14. Beghe CWA, Ershler WB. Prevalence and outcomes of anaemia in geriatrics: a systemic review of the literature. Am J Med. 2004;116:35–109.

    Article  Google Scholar 

  15. Atti AR, Palmer K, Volpato S, Zuliani G, Winblad B, Fratiglioni L. Anaemia increases the risk of dementia in cognitively intact elderly. Neurobiol Aging. 2006;27:278–84.

    Article  CAS  PubMed  Google Scholar 

  16. Trevisan C, Veronese N, Bolzetta F, De Rui M, Maggi S, Zambon S, et al. Low hemoglobin levels and the onset of cognitive impairment in older people: the PRO.V.a. study. Rejuvenation Res. 2016;19:447–55.

    Article  CAS  PubMed  Google Scholar 

  17. Schneider AL, Jonassaint C, Sharrett AR, Mosley TH, Astor BC, Selvin E, et al. Hemoglobin, Anemia, and cognitive function: the atherosclerosis risk in communities study. J Gerontol A Biol Sci Med Sci. 2016;71:772–9.

    Article  CAS  PubMed  Google Scholar 

  18. Deal JA, Carlson MC, Xue QL, Fried LP, Chaves PHM. Anemia and 9-year domain-specific cognitive decline in community-dwelling older women: the Women's health and aging study II. J Am Geriatr Soc. 2009;57:1604–11.

    Article  PubMed  PubMed Central  Google Scholar 

  19. Tamura M, Wadley VG, Newsome BB, Zakai NA, McClure LA, et al. Hemoglobin concentration and cognitive impairment in the renal REasons for geographic and racial differences in stroke (REGARDS) study. J Gerontol A Biol Sci Med Sci. 2010;65:1380–6.

    Article  Google Scholar 

  20. Lucca U, Tettamanti M, Mosconi P, Apolone G, Gandini F, Nobili A, et al. Association of Mild Anemia with cognitive, functional, mood and quality of life outcomes in the elderly: the “health and Anemia” study. PLoS One. 2008;3:e1920.

    Article  PubMed  PubMed Central  CAS  Google Scholar 

  21. Norton S, Matthews FE, Barnes DE, Yaffe K, Brayne C. Potential for primary prevention of Alzheimer's disease: an analysis of population-based data. Lancet Neurol. 2014;13:788–94.

    Article  PubMed  Google Scholar 

  22. Zhao Y, Hu Y, Smith JP, Strauss J, Yang G. Cohort profile: the China health and retirement longitudinal study (CHARLS). Int J Epidemiol. 2014;43:61–8.

    Article  PubMed  Google Scholar 

  23. McArdle JJ, Smith JP, Willis R. Cognition and economic outcomes in the health and retirement survey. NBER Work Paper Ser. 2011;2009:w15266.

    Google Scholar 

  24. McArdle JJ, Ferrer-Caja E, Hamagami F, Woodcock RW. Comparative longitudinal structural analyses of the growth and decline of multiple intellectual abilities over the life span. Dev Psychol. 2002;38:115–42.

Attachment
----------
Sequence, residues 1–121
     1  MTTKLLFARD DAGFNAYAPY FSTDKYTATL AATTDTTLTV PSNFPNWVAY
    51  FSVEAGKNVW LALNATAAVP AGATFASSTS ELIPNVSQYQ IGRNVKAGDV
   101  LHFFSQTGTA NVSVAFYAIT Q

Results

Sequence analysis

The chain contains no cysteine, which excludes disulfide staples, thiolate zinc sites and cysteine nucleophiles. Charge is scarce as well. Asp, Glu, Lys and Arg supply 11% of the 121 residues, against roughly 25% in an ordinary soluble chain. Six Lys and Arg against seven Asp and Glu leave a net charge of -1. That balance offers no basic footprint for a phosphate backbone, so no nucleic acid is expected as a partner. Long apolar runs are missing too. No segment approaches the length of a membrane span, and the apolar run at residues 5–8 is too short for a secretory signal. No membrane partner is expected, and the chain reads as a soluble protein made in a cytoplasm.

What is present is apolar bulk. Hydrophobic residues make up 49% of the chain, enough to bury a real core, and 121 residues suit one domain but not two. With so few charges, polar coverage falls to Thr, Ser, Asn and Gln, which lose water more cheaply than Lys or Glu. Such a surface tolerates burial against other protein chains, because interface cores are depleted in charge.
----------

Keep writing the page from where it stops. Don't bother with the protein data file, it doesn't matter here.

Article  PubMed  Google Scholar 

  25. McArdle JJ, Fisher GG, Kadlec KM. Latent variable analyses of age trends of cognition in the health and retirement study, 1992-2004. Psychol Aging. 2007;22:525–45.

    Article  PubMed  Google Scholar 

  26. Brandt J, Spencer M, Folstein M. The telephone interview for cognitive status. Neuropsy Neuropsy Be. 1988;1:111–7.

    Google Scholar 

  27. Lei X, Hu Y, McArdle JJ, Smith JP, Zhao Y. Gender differences in cognition among older adults in China. J Hum Resour. 2012;47:951–71.

    PubMed  PubMed Central  Google Scholar 

  28. Wang T, Wu Y, Sun Y, Zhai L, Zhang D. A prospective study on the association between uric acid and cognitive function among middle-aged and older Chinese. J Alzheimers Dis. 2017;58:79–86.

    Article  CAS  PubMed  Google Scholar 

  29. Li J, Cacchione PZ, Hodgson N, Riegel B, Keenan BT, Scharf MT, et al. Afternoon napping and cognition in Chinese older adults: findings from the China health and retirement longitudinal study baseline assessment. J Am Geriatr Soc. 2017;65:373–80.

    Article  PubMed  Google Scholar 

  30. Sha T, Cheng W, Yan Y. Prospective associations between pulse pressure and cognitive performance in Chinese middle-aged and older population across a 5-year study period. Alzheimers Res Ther. 2018;10:29.

    Article  PubMed  PubMed Central  Google Scholar 

  31. Zuo M, Gan C, Liu T, Tang J, Dai J, Hu X. Physical predictors of cognitive function in individuals with hypertension: evidence from the CHARLS Basline survey. West J Nurs Res. 2019;41:592–614.

    Article  PubMed  Google Scholar 

  32. Hallynck T, Soep HH, Thomis J, Boelaert J, Daneels R, Fillastre JP, et al. Prediction of creatinine clearance from serum creatinine concentration based on lean body mass. Clin Pharmacol Ther. 1981;30:414–21.

    Article  CAS  PubMed  Google Scholar 

  33. Qin T, Liu W, Yin M, Shu C, Yan M, Zhang J, et al. Body mass index moderates the relationship between C-reactive protein and depressive symptoms: evidence from the China health and retirement longitudinal study. Sci Rep. 2017;7:39940.

    Article  CAS  PubMed  PubMed Central  Google Scholar 

  34. Dublin S, Anderson ML, Haneuse SJ, Heckbert SR, Crane PK, Breitner JC, et al. Atrial fibrillation and risk of dementia: a prospective cohort study. J Am Geriatr Soc. 2011;59:1369–75.

    Article  PubMed  PubMed Central  Google Scholar 

  35. Pulignano G, Del Sindaco D, Di Lenarda A, Tinti MD, Tarantini L, Cioffi G, et al. Chronic renal dysfunction and anaemia are associated with cognitive impairment in older patients with heart failure. J Cardiovasc Med. 2014;15:481–90.

    Article  CAS  Google Scholar 

  36. Gamaldo AA, Ferrucci L, Rifkind J, Longo DL, Zonderman AB. Relationship between mean corpuscular volume and cognitive performance in older adults. J Am Geriatr Soc. 2013;61:84–9.